Guest post by Alex Lorton, co-founder, Cater2.me. The views expressed here are solely those of the author and do not reflect the views of Food+Tech Connect.
Tech giants such as Amazon and Zappos have spent immense resources perfecting algorithms designed to track customer preferences and predict what items they would like to buy based on previous searches and purchases. After recently purchasing a soccer ball and pair of soccer shorts, my Amazon home page was filled with suggestions about other soccer and sports related purchases, suggesting items based on what I might like and based on what others who had purchased similar items also bought.
Understanding a customer’s preferences and giving them targeted suggestions is a staple of effective eCommerce, but the same cannot be said for dining. For an area of commerce as replete with options and as heavily influenced by personal preference as food, designing and implementing systems for serving targeted suggestions is a huge potential opportunity.
eCommerce sites have two primary features that allow their preference algorithms to work: the ability to track consumer searches and purchases and the ability to add metadata to the items that they sell. For instance, when I am logged into my Zappos account and search for brown boots, the site records this search. If I purchase a particular brand in a particular size, these aspects are also recorded. The next time I shop, I’m sure to see other products that have been determined to be similar or complimentary to my past purchases as each item is tagged for size, color, brand, style and so on.
In the dining world, the ability to track searches and purchases, as well as the ability to add metadata to items is not common, but is something that if enacted, could mean big things for the way we eat. Dining that takes place through websites or apps is ready and able to take advantage of preference algorithms. When ordering through a delivery service, the consumer completes searches and makes purchases and the service offers a variety of food items ready to be tagged with metadata. If I order a yellowtail jalapeño roll from a sushi restaurant, the system should be able to infer that I have a predilection for spicy food and for fish. The next time I login, I should see other suggestions for items or restaurants that match those tastes. In my business, Cater2.me, where we serve corporate customers, we track feedback given on meals and individual dishes and use that information to determine what other sorts of meals they like. If they have responded that they like meals that could be classified as healthy, we’ll serve them more healthy meals. If they show an interest in spicy dishes, we’ll up the heat for the next order.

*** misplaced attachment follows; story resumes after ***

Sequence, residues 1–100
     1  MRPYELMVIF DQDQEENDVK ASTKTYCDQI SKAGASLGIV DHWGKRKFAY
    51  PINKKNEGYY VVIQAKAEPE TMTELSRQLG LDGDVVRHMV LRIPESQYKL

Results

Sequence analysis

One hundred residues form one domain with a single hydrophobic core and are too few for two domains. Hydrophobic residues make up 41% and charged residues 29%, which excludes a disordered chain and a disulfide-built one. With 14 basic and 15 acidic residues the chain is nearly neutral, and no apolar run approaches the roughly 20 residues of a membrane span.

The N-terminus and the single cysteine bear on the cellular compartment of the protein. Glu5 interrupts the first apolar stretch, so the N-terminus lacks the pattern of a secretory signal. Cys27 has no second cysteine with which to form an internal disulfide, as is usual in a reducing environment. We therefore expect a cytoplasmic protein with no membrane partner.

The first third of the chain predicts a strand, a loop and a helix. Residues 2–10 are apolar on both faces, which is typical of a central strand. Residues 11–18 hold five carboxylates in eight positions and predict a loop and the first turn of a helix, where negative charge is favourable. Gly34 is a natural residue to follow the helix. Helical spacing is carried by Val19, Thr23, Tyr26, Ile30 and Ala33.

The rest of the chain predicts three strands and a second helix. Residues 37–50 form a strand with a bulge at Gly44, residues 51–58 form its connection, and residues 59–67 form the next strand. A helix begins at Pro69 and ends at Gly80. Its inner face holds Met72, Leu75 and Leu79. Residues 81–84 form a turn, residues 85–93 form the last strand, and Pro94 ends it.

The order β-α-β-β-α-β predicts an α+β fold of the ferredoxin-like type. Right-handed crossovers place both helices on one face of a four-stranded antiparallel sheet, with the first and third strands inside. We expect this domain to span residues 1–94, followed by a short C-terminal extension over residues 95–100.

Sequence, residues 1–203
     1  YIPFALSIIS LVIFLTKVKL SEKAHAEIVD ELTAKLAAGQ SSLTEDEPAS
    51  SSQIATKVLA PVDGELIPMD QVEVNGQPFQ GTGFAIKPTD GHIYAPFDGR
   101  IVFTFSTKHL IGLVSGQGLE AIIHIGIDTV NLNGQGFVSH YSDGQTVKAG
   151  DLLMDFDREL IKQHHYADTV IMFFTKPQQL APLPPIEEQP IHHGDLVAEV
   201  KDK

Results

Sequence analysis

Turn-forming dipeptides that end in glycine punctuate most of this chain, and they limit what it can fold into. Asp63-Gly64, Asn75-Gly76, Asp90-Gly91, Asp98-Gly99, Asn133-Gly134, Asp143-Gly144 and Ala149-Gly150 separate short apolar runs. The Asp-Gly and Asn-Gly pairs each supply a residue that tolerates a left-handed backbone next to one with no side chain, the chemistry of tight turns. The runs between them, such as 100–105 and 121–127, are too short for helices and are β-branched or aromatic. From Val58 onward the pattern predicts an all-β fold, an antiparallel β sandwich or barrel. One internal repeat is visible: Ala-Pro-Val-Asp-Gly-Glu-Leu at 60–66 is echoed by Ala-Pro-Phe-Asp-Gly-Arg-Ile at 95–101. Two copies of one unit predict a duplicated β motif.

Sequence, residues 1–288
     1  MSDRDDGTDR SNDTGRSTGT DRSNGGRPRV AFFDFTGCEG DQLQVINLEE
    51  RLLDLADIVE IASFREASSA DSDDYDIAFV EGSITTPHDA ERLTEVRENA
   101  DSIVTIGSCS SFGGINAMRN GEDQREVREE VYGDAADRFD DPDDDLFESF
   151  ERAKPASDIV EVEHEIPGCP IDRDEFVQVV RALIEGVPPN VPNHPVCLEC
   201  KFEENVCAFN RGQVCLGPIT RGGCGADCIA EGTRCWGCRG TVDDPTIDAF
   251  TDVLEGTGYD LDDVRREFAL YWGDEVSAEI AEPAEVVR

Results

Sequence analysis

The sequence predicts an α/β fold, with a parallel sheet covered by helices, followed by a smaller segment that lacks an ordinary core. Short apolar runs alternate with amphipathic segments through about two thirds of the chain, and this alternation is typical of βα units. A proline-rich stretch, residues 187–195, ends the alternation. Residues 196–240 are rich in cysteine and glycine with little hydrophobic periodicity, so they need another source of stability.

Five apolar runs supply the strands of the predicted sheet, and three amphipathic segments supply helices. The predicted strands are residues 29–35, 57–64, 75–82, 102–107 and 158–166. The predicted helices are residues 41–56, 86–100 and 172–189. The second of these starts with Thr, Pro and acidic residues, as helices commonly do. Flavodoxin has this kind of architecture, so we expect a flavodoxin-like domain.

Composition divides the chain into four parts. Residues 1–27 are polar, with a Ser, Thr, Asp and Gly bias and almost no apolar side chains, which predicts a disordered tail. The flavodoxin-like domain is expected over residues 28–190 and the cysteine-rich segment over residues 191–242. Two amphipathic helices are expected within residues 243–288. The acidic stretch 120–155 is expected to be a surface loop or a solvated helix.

The big question that remains is how this all applies to the real world, where consumers don’t “login” when they sit down at their table. How can we hack the real world dining experience of getting targeted suggestions, based on past purchases and culled from your preferences, when we’re at a table, looking at a menu? Technology can help us to achieve this end at a variety of different points. Before even sitting down at the table, services like OpenTable can suggest restaurants we might like by looking at the restaurants where we’ve booked reservations in the past and potentially can suggest dishes if they integrate menu data and ask what we’ve liked from past dining experiences. Once we’re at the table, restaurants can make use of menus on touch screen devices to ask consumers to login, or simply to answer a few questions about their preferences that would then show dishes that they may have a preference for. After the meal, a simple question about whether or not they liked the dish can capture the information necessary to show future diners what others have liked who have selected similar preferences.
One potential stumbling block to making this sort of preference algorithm work well for food is the subjectivity of many of the dimensions upon which the dishes would be parsed. A dish that is spicy to some may be bland to others just as a “healthy” dish to one person might be completely wrong for someone with a different definition of what healthfulness is. However, just like standards were created for, say, shoe or pants sizes, measures of objectivity can be added to food as well. The addition of nutrition information and ingredients in food (e.g. inclusion of a ghost pepper would qualify a dish as spicy, whereas a dish that’s 30% butter would not qualify as healthy) can help to establish a variety of set objective measures.
Whether dining out or eating in, we can target a very tasty future of dining by focusing on preferences.
Hacking Dining is online conversation exploring how we might use technology and design to hack a better future for dining. Join the conversation between June 2-30, and share your ideas in the comments, on Twitter using #hackdining, Facebook, LinkedIn or Tumblr.
Alex Lorton is the co-founder of food & technology startup Cater2.me. Lorton graduated from The Wharton School at the University of Pennsylvania before working as a consultant with Oliver Wyman in New York. He co-founded Cater2.me in San Francisco in 2010 and moved to New York, where he currently resides, to open that office.